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Numerical Simulation of Townsend Discharge, Paschen Breakdown and Dielectric Barrier Discharges

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Practical understanding of electrical discharges between conductors or between conductors and dielectrics is instrumental for the development of novel charging devices for Digital Printing Applications. The work presented on this paper focuses on fundamental aspects related to the inception of electrical discharges and breakdown in the initial stages (few 100's of μs) to a detail hard to match with experimental techniques. Numerical simulations of 1-D Townsend and Dielectric Barrier Discharges (DBDs) are performed using a commercial Finite Element package (COMSOL). A combined fluid model for the electron and Ion fluxes is used together with a local field approximation on a 1-D domain comprised of Nitrogen gas. The renowned Paschen breakdown result is successfully predicted numerically. Results are shown for the transient Townsend discharge that leads to this breakdown offering insight into the positive feedback mechanism that enables it. These transient results show how impact ionization combined with cathode secondary emission generate increasing waves of positive ions that drift towards the cathode again self feeding the discharge process. The simulation is then extended to predict the nature of a DBD in the case of a single voltage pulse.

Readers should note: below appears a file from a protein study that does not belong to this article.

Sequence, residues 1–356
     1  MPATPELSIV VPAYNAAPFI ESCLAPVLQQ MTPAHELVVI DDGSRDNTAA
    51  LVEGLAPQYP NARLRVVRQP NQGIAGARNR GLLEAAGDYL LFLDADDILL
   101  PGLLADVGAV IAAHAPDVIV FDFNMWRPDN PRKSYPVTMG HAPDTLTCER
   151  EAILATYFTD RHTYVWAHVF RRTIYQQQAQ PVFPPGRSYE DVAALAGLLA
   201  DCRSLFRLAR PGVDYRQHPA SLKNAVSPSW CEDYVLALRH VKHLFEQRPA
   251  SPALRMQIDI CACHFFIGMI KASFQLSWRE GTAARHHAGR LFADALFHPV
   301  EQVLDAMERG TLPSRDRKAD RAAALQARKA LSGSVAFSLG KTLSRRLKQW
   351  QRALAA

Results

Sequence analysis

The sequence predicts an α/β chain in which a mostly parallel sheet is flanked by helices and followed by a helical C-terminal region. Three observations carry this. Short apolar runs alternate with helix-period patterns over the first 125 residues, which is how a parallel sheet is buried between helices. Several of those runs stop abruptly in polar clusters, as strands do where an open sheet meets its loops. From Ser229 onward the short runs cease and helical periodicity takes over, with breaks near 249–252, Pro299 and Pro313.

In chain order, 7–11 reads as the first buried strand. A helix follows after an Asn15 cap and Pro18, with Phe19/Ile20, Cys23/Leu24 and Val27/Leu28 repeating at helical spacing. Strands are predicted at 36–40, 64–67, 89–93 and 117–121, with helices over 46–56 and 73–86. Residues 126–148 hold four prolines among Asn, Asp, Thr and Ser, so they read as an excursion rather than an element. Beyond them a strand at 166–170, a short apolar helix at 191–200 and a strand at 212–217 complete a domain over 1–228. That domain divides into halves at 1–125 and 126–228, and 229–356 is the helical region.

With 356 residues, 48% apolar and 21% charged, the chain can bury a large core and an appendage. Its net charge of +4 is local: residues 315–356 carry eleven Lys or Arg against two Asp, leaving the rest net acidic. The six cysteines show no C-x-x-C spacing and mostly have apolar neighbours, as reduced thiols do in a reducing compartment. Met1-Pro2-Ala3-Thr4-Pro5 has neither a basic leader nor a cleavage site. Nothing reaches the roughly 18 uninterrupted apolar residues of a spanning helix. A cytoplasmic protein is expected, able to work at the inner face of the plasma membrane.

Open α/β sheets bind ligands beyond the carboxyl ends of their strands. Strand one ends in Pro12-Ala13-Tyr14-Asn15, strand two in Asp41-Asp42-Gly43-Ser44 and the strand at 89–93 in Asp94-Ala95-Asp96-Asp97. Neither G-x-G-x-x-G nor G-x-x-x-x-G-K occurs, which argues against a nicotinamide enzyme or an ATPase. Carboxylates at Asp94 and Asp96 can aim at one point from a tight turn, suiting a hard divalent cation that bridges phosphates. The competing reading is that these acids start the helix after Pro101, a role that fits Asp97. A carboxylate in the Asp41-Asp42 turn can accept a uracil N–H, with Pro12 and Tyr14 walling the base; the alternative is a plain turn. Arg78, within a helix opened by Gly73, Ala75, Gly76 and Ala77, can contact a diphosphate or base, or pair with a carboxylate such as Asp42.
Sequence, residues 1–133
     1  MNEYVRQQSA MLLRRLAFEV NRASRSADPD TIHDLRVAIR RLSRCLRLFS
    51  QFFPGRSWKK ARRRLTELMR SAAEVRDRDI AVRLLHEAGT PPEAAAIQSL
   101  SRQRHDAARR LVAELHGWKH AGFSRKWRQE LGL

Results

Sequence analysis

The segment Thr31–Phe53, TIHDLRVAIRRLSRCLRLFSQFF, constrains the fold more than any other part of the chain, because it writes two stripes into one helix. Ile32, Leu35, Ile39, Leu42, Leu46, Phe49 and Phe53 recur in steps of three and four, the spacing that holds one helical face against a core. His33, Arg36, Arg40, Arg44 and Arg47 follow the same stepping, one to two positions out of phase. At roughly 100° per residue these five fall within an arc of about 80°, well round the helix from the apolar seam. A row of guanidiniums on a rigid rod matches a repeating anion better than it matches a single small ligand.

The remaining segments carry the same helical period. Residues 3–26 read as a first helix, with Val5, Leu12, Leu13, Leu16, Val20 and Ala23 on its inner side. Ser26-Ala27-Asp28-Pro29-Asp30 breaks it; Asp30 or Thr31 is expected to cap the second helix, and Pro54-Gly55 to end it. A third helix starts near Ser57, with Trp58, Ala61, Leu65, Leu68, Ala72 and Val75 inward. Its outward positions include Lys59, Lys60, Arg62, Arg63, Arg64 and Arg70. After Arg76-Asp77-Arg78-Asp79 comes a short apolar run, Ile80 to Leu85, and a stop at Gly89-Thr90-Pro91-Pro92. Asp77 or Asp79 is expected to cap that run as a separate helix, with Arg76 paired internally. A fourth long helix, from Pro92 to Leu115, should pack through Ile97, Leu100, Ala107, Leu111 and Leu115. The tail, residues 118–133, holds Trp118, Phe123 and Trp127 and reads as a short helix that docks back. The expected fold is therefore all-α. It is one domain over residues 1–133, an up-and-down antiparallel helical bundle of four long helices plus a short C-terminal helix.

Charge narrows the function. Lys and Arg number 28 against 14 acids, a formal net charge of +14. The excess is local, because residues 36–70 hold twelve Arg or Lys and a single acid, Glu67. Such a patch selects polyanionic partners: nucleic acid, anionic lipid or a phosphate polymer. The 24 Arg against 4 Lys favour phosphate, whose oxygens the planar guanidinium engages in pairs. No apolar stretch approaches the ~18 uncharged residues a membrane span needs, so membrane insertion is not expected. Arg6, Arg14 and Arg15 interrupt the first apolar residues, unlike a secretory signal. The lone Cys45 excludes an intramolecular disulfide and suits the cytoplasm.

Document Type: Research Article

Publication date: 2009-01-01

More about this publication?
  • For more than 25 years, NIP has been the leading forum for discussion of advances and new directions in non-impact and digital printing technologies. A comprehensive, industry-wide conference, this meeting includes all aspects of the hardware, materials, software, images, and applications associated with digital printing systems, including drop-on-demand ink jet, wide format ink jet, desktop and continuous ink jet, toner-based electrophotographic printers, production digital printing systems, and thermal printing systems, as well as the engineering capability, optimization, and science involved in these fields.

    Since 2005, NIP has been held in conjunction with the Digital Fabrication Conference.

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